I have pretty much been floating for the past few days: the days really just fly by, and since I’ve once again loosened my rein on my studies, after some time it’s already night and I haven’t done anything of value in the day. I’ve also discovered a good Japanese band because of Ryan, so thanks to him for Fujifabric: I’ve spent a significant amount of time listening to all their released music and separating music I like from the music I am indifferent to. They’re a great band, especially with some of their songs. I doubt there will be any releases in the near future, however, as their lead vocalist and lyricist died of unknown causes about a year ago. I feel that I will return to anime-watching once I filter through all their songs: I want to know all their wonderful songs so I can construct a playlist that I can to again and again.

I found this to be hilarious.

I found this to be hilarious.

I’m not really disinterested in anime, I really just haven’t watched anything lately, and even I don’t know why. I guess it’s because of the time I spend playing DotA, a game that has once again become very interesting to me. I did watch two movies in the past few days, one being Shallow Grave, and another one recently released, which is The Expendables. Because this is an anime blog, however, I think it’s apt to include Shiki in my explication of Shallow Grave.

One of the things I feel turn people away from Shiki are its characters. There’s no one particularly endearing, and as of episode three, most of them are obnoxious. The pink-haired girl was a disgusting stalker; Natsuno, on the other hand, is nothing short of a prick, and the character introduced on episode three is someone both creepy and bitter (and ugly, too). Shiki excels in creating a scary atmosphere, primarily because the people that populate the rural town are disturbing existences.

I think the series is similar to Shallow Grave: it’s a good film, but it’s also a film I will not watch again if I could. The central characters were perverse and depraved despite purportedly being educated people. The film is a wonderful snapshot of the nether parts of humanity, the darkness within every single one of us. It works well as a thriller, but it’s just difficult to empathize with selfish bastards who care for nothing but money. It was indeed ingenious and well-directed (Danny Boyle of Slumdog Millionaire, after all, helmed the film), but it was a depressing film: redemption with the central characters was as impossible as Batman killing people. It was a simple film, but its suggestions were frankly something I don’t want to entertain as they were so bleak.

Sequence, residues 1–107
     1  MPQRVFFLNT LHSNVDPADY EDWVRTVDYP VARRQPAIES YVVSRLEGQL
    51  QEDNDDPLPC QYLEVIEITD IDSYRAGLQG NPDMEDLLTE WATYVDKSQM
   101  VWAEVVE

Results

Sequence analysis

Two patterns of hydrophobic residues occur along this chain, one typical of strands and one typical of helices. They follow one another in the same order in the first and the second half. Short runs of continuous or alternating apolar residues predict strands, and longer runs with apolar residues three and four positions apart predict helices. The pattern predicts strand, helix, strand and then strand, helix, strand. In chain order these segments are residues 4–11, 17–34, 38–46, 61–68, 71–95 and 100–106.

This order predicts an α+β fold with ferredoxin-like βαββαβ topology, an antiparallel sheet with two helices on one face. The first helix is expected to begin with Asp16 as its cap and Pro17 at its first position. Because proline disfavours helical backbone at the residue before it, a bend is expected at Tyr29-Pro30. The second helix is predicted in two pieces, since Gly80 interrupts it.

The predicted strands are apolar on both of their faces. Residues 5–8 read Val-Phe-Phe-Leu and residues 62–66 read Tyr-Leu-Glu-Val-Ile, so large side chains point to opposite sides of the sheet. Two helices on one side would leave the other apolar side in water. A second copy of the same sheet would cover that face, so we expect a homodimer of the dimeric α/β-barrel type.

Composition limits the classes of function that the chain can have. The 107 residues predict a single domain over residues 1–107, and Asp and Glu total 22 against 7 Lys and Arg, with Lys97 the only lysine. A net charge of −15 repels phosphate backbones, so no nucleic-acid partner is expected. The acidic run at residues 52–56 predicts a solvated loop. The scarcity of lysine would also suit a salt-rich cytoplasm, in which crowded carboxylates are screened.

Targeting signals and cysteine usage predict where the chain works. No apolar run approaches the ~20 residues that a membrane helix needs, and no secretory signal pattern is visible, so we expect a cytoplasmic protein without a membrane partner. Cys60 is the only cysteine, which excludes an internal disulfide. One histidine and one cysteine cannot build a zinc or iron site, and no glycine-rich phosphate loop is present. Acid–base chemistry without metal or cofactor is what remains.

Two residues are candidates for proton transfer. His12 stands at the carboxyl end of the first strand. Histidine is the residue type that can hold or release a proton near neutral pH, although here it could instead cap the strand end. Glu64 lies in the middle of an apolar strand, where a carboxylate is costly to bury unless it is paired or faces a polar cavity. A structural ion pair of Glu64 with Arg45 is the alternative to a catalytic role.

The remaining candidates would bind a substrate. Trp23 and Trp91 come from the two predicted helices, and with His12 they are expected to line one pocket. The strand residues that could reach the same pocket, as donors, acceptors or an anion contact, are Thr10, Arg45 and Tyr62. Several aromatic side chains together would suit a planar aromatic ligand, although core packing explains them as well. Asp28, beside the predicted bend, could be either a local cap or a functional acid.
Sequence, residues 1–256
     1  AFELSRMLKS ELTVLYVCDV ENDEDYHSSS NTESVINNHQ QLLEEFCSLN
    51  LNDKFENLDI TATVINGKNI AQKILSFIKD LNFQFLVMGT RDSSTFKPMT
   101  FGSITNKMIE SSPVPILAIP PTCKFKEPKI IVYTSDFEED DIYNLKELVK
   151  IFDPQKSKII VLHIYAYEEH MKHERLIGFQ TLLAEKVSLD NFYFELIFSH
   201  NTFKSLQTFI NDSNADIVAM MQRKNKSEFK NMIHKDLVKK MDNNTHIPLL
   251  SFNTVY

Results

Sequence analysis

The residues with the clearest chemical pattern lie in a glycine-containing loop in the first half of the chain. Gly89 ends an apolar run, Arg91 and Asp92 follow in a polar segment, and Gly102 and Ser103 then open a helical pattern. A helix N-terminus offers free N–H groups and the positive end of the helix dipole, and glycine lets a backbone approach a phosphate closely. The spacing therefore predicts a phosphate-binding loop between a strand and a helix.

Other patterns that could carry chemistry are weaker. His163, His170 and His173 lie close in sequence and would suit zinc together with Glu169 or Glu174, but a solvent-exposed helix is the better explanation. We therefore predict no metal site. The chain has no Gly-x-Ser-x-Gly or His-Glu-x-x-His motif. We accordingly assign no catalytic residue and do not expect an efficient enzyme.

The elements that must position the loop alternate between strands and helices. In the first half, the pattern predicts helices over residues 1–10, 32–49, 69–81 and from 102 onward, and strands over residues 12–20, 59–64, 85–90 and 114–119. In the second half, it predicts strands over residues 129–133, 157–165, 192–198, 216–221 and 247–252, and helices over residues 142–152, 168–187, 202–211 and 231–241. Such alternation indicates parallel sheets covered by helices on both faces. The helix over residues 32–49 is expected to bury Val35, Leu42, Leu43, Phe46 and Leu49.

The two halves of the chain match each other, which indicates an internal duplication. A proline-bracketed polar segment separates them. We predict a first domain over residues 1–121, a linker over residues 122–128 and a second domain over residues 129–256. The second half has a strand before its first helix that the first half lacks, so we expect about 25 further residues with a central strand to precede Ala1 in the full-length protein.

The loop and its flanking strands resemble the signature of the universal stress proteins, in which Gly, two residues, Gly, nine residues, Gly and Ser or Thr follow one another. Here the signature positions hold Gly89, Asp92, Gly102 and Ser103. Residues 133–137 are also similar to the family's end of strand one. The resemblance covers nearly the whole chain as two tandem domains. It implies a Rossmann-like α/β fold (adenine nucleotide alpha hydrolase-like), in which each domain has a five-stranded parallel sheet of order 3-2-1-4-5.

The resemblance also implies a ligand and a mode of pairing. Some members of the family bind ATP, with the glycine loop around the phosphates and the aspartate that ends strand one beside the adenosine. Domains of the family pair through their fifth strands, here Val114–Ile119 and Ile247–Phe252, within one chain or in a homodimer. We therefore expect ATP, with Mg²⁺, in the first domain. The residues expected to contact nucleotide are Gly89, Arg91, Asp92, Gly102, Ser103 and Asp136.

In contrast to the depth of Shallow Grave, there is The Expendables. As an action film, it was good, but as anything else it was pretty bad. There was so much that could have been done with the all-star cast that was not executed properly. It was a great time-waster for what it was worth, and I think that was all Stallone really wanted, anyway. I think that he’s the master of wasted potential after all. It was an enjoyable ride, but it was nothing more.

I don’t recall doing anything more than that. Current series don’t really invite me to watch them, although I’m trying to keep up with High School of the Dead (which is also quite similar to The Expendables).

The coruscation of Inception

Last year, when I found out that Christopher Nolan was filming a movie that dealt with dreams and the architecture of the mind, I knew I was going to see it on cinema early in its release. It’s the kind of expectant waiting that I had with Tatami Galaxy: I had faith that it was going to be something good based on the track records of its auteur. Just as I was impressed with Kemonozume and Kaiba (to a lesser extent), I was also impressed with Memento, The Prestige, and The Dark Knight. My faith all the more solidified when I knew it was going to be performed by a stellar cast: what else do you expect from a group of Oscar winners and nominees? Even Tom Brady was excellent in his portrayal as Bronson, and Joseph Gordon-Levitt in both his independent and blockbuster films was consistently great (I loved [500] Days of Summer).

Genius.

Genius.

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[R2] Words are greater than actions (sometimes)

I have been unusually quiet these past few days; that was primarily because I did not have an Internet connection in the first place. The wire that connected my ‘modem’ (and I encapsulate the word in quotation marks because the machine isn’t actually one yet serves a similar function) to my computer finally gave in. Try as I might to reconnect to the Internet, I was not able to.

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The tagline is indeed catchy.